Cape Town made world headlines a couple of weeks ago, when police impounded over 30 driver-owned vehicles operating under the Uber ride-sharing brand. At issue, supposedly, were taxi operator permits required by the Western Cape government.
A company in San Francisco wants to give customers free rein to design creatures with synthetic DNA. This is what progress is all about! I want a glow-in-the-dark attack cat! As ever, especially when it involves genetic engineering, we can expect fear and hand-wringing as the half-informed imagine the worst instead of cheering those who strive for progress.
Another aircraft accident, another opportunity for hysterical sensationalism. Everything has to be scary. It is worse than last year, and perhaps even the worst ever. If it isn’t, your story had better be a banal listicle, because otherwise you just won’t get read. The result? Widespread fears masquerading as common knowledge.
The pilot of the original Star Trek series was copyright 1964. In an attempt to get in before the noise of the official 50th anniversary in 2016, I watched the entire original series, which aired in the late 1960s, again. In this, the second of a two-parter, we’ll consider its politics and economics.
The agreement reached deep in overtime at the recent Lima climate conference was pitched as having saved the summit from disaster. But if every country agrees, you can be sure whatever they agree on is watery gruel. As the questions mount over the validity of climate models, the utility of global warming mitigation policies, and the cost of renewable energy, Lima may spell the beginning of the end of the climate change movement.
Every year, almost ten thousand professional vacationeers gather in some exotic holiday location, like Cancún, Buenos Aires, Bali, Durban or, most recently, Lima, Peru. They do so at the expense of the taxpayers and the people who donate their hard-earned income to supposedly worthy environmental lobby groups like Greenpeace, the Worldwatch Institute, 350.org, the Union of Concerned Scientists, the National Resources Defense Council, and the Sierra Club.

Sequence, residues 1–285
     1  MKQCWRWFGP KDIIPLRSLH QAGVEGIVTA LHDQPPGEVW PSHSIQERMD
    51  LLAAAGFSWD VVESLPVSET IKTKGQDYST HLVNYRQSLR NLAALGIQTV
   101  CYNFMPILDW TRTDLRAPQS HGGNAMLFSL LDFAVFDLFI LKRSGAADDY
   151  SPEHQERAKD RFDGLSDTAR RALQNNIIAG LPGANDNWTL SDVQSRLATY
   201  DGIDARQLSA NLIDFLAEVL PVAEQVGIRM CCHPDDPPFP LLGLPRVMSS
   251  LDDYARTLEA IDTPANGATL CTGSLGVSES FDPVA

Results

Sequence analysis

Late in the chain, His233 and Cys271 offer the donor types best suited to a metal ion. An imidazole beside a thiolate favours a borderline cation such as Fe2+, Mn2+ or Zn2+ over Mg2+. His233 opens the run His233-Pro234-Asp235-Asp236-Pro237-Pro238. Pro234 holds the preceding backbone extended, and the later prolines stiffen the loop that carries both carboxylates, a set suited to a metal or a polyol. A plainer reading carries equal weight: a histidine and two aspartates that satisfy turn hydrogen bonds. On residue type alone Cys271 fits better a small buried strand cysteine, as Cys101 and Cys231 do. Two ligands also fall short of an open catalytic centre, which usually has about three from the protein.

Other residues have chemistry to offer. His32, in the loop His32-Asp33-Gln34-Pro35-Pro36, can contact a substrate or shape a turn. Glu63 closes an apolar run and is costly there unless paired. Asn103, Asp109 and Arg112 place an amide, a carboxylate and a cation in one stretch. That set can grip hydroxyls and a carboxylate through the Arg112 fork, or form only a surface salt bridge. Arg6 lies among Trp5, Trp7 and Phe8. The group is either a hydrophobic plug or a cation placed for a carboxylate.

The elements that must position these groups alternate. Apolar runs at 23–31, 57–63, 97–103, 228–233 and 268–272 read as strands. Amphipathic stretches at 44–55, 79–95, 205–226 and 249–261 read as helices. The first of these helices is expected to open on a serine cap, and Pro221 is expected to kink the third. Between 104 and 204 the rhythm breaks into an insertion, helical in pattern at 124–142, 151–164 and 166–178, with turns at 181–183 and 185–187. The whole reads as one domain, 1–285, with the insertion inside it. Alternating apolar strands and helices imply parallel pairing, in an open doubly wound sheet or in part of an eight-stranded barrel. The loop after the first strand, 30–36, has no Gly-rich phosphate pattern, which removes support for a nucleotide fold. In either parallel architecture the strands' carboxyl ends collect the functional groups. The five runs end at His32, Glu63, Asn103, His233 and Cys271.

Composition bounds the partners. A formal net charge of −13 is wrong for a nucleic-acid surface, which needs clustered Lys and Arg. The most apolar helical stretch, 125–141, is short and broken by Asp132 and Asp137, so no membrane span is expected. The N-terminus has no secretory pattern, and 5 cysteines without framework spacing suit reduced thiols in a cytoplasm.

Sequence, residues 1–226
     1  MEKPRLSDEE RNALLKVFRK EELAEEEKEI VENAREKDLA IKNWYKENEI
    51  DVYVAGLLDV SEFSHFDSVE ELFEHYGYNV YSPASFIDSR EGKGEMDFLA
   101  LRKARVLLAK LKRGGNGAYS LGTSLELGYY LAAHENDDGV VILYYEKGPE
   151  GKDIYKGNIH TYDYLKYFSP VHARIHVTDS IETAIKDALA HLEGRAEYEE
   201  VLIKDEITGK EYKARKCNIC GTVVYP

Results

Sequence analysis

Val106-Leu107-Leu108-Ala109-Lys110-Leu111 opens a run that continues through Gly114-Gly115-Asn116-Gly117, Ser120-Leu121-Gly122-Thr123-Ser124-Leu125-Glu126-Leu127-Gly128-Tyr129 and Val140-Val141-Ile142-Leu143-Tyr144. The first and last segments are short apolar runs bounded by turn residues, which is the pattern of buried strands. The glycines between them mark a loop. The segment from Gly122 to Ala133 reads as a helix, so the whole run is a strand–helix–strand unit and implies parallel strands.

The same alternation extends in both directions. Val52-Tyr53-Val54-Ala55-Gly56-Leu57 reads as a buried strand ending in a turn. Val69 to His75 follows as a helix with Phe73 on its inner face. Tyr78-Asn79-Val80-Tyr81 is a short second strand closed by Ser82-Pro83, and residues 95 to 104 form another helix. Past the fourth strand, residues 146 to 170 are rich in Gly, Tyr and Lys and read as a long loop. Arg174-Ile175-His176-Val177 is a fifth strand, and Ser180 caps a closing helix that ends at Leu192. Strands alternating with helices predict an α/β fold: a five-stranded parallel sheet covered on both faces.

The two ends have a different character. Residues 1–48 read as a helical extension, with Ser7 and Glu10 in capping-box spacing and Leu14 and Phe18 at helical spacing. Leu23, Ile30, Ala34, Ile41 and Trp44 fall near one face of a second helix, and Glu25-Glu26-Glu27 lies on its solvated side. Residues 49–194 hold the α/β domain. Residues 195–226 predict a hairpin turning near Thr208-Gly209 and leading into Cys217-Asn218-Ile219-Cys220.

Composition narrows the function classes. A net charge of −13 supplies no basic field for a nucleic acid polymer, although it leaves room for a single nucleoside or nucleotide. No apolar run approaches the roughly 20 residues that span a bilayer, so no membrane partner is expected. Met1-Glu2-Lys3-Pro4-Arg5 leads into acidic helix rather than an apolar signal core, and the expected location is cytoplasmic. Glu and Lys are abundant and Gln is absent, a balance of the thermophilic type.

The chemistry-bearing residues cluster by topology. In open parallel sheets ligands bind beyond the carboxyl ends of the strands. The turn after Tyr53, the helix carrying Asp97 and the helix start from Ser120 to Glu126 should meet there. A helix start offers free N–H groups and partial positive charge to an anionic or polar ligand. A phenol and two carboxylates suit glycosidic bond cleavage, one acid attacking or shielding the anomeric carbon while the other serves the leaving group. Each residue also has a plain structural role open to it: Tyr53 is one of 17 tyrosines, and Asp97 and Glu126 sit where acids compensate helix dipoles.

Part of the war against censorship during the Apartheid era was fought over pop music and pin-up girls. These fights might have looked petty, or even misplaced, but they were important in the struggle for freedom and human rights in South Africa. Now, the ANC wants to apply the old laws about what we may and may not publish to the internet.
The tobacco industry is not unique. Both it and the pharmaceutical industry would like to monopolise the e-cigarette action. And government is only too happy to sacrifice public health to big business lobbyists. The truth is that they are safe to use and effective to quit smoking. If governments were consistent, they’d hand e-cigarettes out like condoms.
It’s a dark day indeed when a monopoly industry lobby and a media-sponsored organisation collude, and both agree with draconian government policy. That happened when Crime Line, an initiative of the Primedia Group, publicly supported the Tobacco Institute of Southern Africa during its conference about the fight against “illicit” cigarettes.
Beneath all the hype of Bitcoin, a true revolution is happening. It isn’t about quick profits and market speculation, but about the technology that makes it all possible: the blockchain. It has the potential to transform society and free people from the constraints imposed on them by government and big business.
Whenever government officials talk about gambling, they spout pure hypocrisy. They act like mobsters running a protection racket. Meanwhile, the government itself viciously exploits the poor and the desperate in order to subsidise sport and arts. If you really wanted to protect punters, you should want more competition, not less.